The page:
One of the very special promises in the Bible is that when God forgives, He also forgets. In Hebrews 8:12 God says of the new covenant, "For I will be merciful toward their iniquities, and I will remember their sins no more." The latter statement is emphatic; in Greek it is a double negative. Now in English two negatives make a positive, but in Greek two negatives make a sentence emphatically negative. God is saying, "I will NOT remember their sins at all." He does this because of the sacrifice of Jesus on the cross. His forgiveness and forgetfulness are not because we are so good otherwise that He can overlook a few things. Rather, He forgives and forgets because He is so good and because Jesus died for us.

Now in this matter of forgive and forget, God is our example, just as He is our Father. Our forgiving others is not optional; it is a matter of our salvation. We cannot hope to go to heaven if we are going to nurse a grudge against someone else. No grudges will be tolerated there. When Jesus taught his disciples to pray, He instructed them to say, "And forgive us our debts, as we also have forgiven our debtors" (Matt. 6:12). Then at the end of that prayer, He noted, "For if you forgive men their trespasses, your heavenly Father also will forgive you; but if you do not forgive men their trespasses, neither will your Father forgive your trespasses" (Matt. 6:14-15).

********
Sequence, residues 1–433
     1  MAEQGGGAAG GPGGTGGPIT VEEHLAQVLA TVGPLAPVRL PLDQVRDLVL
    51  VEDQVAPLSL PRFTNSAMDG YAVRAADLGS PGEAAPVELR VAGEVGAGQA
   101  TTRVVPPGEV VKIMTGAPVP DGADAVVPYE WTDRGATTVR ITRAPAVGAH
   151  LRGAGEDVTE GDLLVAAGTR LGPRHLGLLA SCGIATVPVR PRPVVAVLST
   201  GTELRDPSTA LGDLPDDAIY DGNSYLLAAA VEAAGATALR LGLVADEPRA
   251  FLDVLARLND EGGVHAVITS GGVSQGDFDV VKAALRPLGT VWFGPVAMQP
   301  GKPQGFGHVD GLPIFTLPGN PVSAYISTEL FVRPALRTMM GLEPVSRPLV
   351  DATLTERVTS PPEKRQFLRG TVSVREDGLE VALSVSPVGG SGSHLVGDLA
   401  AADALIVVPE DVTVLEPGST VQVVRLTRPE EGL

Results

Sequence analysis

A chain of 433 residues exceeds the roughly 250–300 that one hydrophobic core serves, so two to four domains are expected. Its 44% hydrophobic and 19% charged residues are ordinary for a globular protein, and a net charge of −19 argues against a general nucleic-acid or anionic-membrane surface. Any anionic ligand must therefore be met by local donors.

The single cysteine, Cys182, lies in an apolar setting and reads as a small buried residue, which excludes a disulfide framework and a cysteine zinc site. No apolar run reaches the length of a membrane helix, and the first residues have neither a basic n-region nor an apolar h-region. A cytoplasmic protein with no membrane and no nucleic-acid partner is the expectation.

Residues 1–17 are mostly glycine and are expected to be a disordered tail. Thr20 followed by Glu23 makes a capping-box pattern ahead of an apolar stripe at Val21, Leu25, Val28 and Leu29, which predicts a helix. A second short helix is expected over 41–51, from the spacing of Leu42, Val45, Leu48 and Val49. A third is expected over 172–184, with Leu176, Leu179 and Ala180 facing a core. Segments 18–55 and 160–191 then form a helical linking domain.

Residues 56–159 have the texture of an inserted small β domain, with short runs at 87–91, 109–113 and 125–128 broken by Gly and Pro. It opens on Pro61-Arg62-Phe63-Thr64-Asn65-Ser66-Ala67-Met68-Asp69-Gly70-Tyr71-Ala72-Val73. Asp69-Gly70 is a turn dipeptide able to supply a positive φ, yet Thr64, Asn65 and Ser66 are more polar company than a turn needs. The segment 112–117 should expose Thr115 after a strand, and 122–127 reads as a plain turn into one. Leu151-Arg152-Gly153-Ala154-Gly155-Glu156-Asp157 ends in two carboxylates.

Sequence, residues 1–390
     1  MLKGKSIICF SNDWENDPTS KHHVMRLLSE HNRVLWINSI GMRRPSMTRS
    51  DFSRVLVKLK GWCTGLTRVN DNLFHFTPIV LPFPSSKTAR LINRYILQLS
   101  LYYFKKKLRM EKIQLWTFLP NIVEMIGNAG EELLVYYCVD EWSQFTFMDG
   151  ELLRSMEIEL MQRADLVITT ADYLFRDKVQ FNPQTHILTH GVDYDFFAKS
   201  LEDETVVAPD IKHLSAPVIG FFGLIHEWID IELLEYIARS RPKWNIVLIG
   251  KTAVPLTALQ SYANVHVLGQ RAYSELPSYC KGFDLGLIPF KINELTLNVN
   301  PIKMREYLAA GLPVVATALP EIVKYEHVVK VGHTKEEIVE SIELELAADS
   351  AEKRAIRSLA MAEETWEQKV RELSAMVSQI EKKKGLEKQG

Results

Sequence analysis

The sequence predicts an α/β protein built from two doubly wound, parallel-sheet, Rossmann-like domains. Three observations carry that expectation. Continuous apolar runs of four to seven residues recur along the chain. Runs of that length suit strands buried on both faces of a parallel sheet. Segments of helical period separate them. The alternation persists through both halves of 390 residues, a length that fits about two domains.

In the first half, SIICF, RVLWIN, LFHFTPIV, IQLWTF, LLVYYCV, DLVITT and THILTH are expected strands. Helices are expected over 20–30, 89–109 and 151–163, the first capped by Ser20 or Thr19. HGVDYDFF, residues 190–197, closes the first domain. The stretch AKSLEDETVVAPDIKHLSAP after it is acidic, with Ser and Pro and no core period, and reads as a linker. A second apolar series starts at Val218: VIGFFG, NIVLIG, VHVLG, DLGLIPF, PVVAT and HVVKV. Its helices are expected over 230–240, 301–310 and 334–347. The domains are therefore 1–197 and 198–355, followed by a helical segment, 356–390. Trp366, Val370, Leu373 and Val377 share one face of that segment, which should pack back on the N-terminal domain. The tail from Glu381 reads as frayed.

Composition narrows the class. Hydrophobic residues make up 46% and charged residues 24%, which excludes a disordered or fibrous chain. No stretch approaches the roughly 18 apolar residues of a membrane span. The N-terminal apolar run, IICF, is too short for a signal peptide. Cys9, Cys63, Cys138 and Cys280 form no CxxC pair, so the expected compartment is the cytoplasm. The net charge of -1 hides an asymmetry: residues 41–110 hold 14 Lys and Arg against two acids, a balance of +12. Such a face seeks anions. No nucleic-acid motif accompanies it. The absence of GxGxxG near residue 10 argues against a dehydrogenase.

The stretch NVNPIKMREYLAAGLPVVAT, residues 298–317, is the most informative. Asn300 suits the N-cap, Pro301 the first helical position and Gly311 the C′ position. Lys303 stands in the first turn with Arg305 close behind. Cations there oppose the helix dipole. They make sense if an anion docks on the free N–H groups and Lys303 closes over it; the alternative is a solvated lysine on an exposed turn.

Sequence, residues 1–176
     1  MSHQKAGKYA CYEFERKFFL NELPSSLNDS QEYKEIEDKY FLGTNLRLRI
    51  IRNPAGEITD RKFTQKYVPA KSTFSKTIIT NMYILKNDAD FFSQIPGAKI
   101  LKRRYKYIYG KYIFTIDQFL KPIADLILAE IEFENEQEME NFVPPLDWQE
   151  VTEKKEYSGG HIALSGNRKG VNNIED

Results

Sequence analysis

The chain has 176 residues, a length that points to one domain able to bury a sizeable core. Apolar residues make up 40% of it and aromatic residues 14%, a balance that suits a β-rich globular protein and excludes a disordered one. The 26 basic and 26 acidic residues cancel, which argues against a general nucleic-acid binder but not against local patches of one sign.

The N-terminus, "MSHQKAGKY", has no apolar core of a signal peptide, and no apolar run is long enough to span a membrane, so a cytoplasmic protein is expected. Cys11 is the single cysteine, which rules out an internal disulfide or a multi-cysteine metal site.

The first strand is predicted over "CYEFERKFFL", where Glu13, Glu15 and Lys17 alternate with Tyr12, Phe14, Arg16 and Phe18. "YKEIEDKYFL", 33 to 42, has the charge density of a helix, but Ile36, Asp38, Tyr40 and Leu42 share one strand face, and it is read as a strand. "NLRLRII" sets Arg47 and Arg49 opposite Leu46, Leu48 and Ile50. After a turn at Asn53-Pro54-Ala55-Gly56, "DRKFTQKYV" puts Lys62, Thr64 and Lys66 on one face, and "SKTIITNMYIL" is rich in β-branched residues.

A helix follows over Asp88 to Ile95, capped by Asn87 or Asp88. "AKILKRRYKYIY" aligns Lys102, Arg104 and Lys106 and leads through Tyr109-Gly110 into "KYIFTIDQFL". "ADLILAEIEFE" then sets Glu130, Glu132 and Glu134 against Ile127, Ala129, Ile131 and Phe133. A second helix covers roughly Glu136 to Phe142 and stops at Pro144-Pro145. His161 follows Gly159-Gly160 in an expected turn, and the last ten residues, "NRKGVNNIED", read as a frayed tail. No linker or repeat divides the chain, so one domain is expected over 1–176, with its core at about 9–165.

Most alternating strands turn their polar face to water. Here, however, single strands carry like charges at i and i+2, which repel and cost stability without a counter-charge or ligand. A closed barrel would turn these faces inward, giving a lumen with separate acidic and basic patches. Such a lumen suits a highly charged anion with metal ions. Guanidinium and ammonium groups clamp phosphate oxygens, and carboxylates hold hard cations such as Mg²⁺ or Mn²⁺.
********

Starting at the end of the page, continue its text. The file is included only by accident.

We are good about remembering to ask God in prayer to forgive our debts; we are not good at all about adding that tag phrase, "as we also have forgiven our debtors." Why did Jesus teach us to add that? Was it not so that we would remember each time we pray that others stand in relation to us in the same way that we stand in relation to God and that we, like God, must be forgiving? Would it not be wise for us to learn from Jesus to add that tag line to our prayers?

In Matthew 18:23-34 Jesus told a parable about a servant who was forgiven by his master of a debt that would have taken him 200,000 years of wages to repay. He then turned around and refused to forgive a debt of his fellow servant that would have taken only four months of wages to repay. Because of his unforgiveness, his master had him too thrown into debtor's prison. Following this parable, Jesus concludes, "So also my heavenly Father will do to every one of you, if you do not forgive your brother from your heart" (Matt. 18:35). When we compare the things that we have done against God with the things that others have done against us, we see why Jesus says that we are to forgive others seventy-seven times for the same offence (Matt. 18:22)! After all, how many times have we repeated a sin?

When we truly forgive someone, we will forget about the wrong done to us. Oh, we may well be able to call the incident to mind if we are reminded of it, but it will no longer plague us as it did in the past--it will no longer eat at our minds in a way that it keeps recurring in our thoughts. This we must do, not just for our own peace of mind, but because of Jesus. You see, He died for that person that sinned against us just like He died for us. That is why He calls on us to forgive and forget.

—Bruce Terry

Copyright © 1993, Bruce Terry. All rights reserved. This article may be freely reprinted in bulletins and newsletters so long as no charge is made to the reader and this copyright notice is included.

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